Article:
The brush gives a softer finish, and you can get the desired coverage you want. I only use the sponge to touch-up when I’m out. Now, if someone needs full coverage then I skip the brush and go straight for a sponge which picks up the most product. Some of my favorite brands of powder foundations are Shiseido The Makeup Powdery Foundation ($29.50), MAC Studio Fix Powder Plus Foundation ($27.00) and Nars Powder Foundation SPF 12 )$45.00).
Another favorite foundation I like to use is cream foundation. As I mentioned before, they can come in two forms: stick and compact. I always have the stick in my makeup kit, as they can be used on all skin types: oily, dry or combination. Just adjust the moisturizer you are using to get the perfect finish. There is only one brand I carry in my kit to this day and that is Bobbi Brown.
She was the foundation stick originator. Her product in particular is made with beeswax, not oil. So you oil-fobes need not to worry. I like to do a stripe on my chin, cheeks and forehead, then blend down with a sponge. With the stick, I tend not to wet the sponge. I like to do it dry with a traditional triangular sponge.
Bobbi Brown Foundation Stick ($42.00)
When in doubt, I always reach for this product. If I am in need of extra coverage, then I run the sponge over the stick and stipple over the troublesome areas. And, to top it off, I set with a powder. There are also some great compact foundations. I use the sponge that comes with the product. Depending on your preference, you can use a sponge or brush. My preference with this formulation is a dry sponge.
The application is the same: I start towards the center of the face and work my way outward. Some great compact foundations are Cover FX Total Cover Cream Foundation ($42.00), Bobbi Brown Oil-Free Even Finish Compact Foundation ($42.00) and MAC Studio Tech Foundation ($30.00).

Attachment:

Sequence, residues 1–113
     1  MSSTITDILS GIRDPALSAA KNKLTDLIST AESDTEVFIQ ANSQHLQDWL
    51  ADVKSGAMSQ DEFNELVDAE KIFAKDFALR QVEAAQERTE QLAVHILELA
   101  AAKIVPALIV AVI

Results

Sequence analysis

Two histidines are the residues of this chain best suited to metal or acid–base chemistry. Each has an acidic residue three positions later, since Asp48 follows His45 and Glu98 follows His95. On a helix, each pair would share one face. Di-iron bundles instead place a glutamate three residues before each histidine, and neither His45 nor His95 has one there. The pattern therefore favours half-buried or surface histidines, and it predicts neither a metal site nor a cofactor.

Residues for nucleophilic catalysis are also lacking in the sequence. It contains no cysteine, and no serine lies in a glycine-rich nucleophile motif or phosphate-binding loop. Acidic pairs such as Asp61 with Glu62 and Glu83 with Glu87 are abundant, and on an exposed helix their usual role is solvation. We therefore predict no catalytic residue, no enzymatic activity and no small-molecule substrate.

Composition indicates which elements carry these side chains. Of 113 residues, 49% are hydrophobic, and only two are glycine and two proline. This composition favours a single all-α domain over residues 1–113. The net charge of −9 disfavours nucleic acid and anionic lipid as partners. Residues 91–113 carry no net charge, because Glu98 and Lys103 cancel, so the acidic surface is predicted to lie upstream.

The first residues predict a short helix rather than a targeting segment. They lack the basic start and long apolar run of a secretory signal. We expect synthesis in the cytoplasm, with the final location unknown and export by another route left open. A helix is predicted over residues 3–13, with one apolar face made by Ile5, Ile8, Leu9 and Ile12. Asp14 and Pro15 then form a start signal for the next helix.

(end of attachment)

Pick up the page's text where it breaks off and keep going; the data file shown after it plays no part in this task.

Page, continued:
Last but not least, this is one category that is slowly but surely becoming more well-known: airbrush foundation. Airbrush is for the more sophisticated makeup consumer. I say that because it is more expensive. You have to buy the mechanism to apply the foundation, along with the actual foundation. These mechanisms can run anywhere from $250 to $1000, depending on the make and the model. The one that I find is the most reasonable and great for beginners is the Temptu model.
The price is in the lower range, and they have a nice selection of colors. Don’t we all want our skin to look airbrushed, just like they are in the magazines? These systems give you just that. You will look like Greta Garbo — perfectly diffused skin. I like to start with the system on low and work my way up on the dial. As with anything in makeup. You can always add more later, it’s harder to take away.
On the Temptu model, there is a dial so YOU control how much product comes out of the gun. And, as always, I start in the center and work my way out. Temptu in particular also has great blushes and bronzers, which you can add to sculpt the skin to your perfect look. As for powder with airbrush foundations, I don’t use a loose powder and puff. I prefer to take a brush and the compact’s regular powder and sweep across the face to set. That way you don’t wind up looking too cakey and your skin looks more natural.
So, there you have it: my personal tips and favorite foundation products. I hope you find my information useful.
So. tell me… What kind of skin do you desire? Let us know by commenting below, which will automatically be posted to our Community Forum (click here to check it out!) where you can find other beauty related discussions! Don’t forget to also submit a photo to our Photo Of The Day (click here!) feature, where a new photo will be picked daily. Your photo just might be selected, so get going!
- Erin Sutera, senior writer and makeup artist